Guides are native Navajo and some of them are quite entertaining and giving you good tips on where to shoot and how to catch the best light so don’t forget to tip them. On top of that our guide was also playing flute to create the mood…pretty cool experience.
Lake Powell and Navajo Dam
After Antelope Canyon I decided to chill and in the afternoon took a stroll along Navajo Dam overlooking Lake Powell.
Navajo Generating Station
The evening brought some highly anticipated cooler and fresher air. I decided to take advantage of great weather and jump into Mini with backpack full of gear to scout for a shooting location of Navajo Generating Station.
Driving ten minutes or so along route 98 I spotted a wide soft shoulder. I pulled over, walked on the other side of the street and started looking for best place to install tripod in the sand soil.
The sun was setting and lights on power plant were turned on. Sky was covered with mushy clouds. Not the ideal backdrop for my scene but I took a chance and got.
I stood there for a while admiring this weird yet somehow magical view. What a mind conceived building this massive power plant in the middle of the desert, and why? What was even more disturbing was juxtaposition it created to such a marvels of nature like Antelope Canyons. Contemplating this I didn’t even realized when night pulled it curtain over the sky. Power plant was now glowing against the ever slowly dying off sun.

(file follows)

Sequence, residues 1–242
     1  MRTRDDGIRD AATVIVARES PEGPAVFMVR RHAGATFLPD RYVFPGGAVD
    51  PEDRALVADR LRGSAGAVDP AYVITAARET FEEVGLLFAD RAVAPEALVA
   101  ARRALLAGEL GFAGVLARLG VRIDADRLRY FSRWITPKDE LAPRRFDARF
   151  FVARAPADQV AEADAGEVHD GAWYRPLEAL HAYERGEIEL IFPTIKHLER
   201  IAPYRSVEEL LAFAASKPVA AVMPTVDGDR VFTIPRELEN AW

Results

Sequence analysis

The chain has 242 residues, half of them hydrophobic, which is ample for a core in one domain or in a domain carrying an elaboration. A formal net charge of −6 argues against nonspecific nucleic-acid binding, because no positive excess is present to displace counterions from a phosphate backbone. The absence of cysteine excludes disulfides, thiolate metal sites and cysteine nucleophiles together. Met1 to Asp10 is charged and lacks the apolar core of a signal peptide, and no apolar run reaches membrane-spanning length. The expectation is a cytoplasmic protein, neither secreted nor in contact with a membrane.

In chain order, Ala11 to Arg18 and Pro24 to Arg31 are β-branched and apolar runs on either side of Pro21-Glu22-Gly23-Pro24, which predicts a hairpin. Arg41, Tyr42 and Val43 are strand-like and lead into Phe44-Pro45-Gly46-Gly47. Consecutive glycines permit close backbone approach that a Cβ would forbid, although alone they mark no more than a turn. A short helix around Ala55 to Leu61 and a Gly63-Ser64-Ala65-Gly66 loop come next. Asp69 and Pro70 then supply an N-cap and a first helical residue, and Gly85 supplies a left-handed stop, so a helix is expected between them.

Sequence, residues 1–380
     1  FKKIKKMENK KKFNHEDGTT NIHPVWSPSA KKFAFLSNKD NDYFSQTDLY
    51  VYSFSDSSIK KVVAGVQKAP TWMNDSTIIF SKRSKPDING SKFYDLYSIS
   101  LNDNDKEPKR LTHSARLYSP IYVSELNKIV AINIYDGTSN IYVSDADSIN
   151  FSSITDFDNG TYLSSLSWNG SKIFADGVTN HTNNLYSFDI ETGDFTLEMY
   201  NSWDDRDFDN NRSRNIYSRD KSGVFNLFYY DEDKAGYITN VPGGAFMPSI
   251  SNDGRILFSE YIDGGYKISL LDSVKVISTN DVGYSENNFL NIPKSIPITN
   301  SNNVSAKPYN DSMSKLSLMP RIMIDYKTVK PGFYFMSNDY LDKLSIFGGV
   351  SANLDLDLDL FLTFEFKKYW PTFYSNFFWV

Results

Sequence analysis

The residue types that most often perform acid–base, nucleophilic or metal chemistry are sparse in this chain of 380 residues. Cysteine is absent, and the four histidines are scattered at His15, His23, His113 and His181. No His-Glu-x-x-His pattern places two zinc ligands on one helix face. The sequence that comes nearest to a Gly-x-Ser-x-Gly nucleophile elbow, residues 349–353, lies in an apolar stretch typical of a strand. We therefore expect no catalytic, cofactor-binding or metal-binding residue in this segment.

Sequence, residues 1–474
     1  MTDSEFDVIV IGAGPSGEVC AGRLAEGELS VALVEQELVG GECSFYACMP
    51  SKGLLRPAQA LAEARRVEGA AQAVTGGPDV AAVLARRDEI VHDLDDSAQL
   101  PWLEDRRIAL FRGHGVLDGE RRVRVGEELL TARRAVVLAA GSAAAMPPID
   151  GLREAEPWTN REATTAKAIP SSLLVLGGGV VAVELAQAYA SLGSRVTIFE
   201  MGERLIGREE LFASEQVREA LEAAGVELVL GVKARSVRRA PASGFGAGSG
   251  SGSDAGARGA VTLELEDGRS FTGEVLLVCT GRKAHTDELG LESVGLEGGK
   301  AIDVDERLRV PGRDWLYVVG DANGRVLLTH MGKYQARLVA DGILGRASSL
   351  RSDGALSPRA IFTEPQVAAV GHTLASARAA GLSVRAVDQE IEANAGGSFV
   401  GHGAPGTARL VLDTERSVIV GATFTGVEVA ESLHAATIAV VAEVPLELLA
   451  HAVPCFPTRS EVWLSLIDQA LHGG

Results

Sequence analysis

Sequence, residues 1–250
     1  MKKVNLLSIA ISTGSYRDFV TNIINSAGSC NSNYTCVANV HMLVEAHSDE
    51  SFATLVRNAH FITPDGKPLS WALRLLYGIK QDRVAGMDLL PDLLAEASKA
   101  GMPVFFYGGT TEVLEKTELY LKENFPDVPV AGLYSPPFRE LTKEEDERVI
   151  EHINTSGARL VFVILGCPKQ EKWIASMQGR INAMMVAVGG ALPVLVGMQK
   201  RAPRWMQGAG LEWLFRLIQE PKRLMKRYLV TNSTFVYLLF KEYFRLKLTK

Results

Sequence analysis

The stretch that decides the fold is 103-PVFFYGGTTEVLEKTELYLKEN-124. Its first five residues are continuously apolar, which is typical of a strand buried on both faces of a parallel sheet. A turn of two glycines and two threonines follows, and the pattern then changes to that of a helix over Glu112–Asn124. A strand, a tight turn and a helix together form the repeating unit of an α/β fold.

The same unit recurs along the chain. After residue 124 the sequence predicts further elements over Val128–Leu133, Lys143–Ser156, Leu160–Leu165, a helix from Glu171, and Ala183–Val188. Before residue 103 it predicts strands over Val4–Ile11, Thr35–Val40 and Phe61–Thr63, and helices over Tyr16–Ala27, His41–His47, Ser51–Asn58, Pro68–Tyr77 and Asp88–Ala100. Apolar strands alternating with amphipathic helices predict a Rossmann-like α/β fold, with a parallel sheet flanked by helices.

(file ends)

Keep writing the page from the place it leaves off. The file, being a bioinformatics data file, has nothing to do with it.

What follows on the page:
Three days in Page was really enjoyable. The town was clearly not as nice as Moab but in terms of photographic possibilities it delivered big time. I was in the middle of my two week trip. The busiest part of the trip was behind me. Now I was going to spent another week in much more relaxed mode in Grand Canyon. First I was going for three days to North Rim and then for four days to South Rim.
I’ve already visited both rims. I explored North Rim with David two years ago and South Rim with Anna a year ago. They are very much different animals.
North Rim is elevated higher and much more secluded thus harder to get. That results in lower temperatures, more rain and dense forestation and less tourists. North Rim is also less developed…hence again less tourists. I recommend North Rim over South. It has great lodge with decent restaurant which is rarely too crowded to get a sit unlike places in South Rim especially for breakfast. Lodge has awesome sun deck with chairs and you can order beer or drink and wait for the sunset.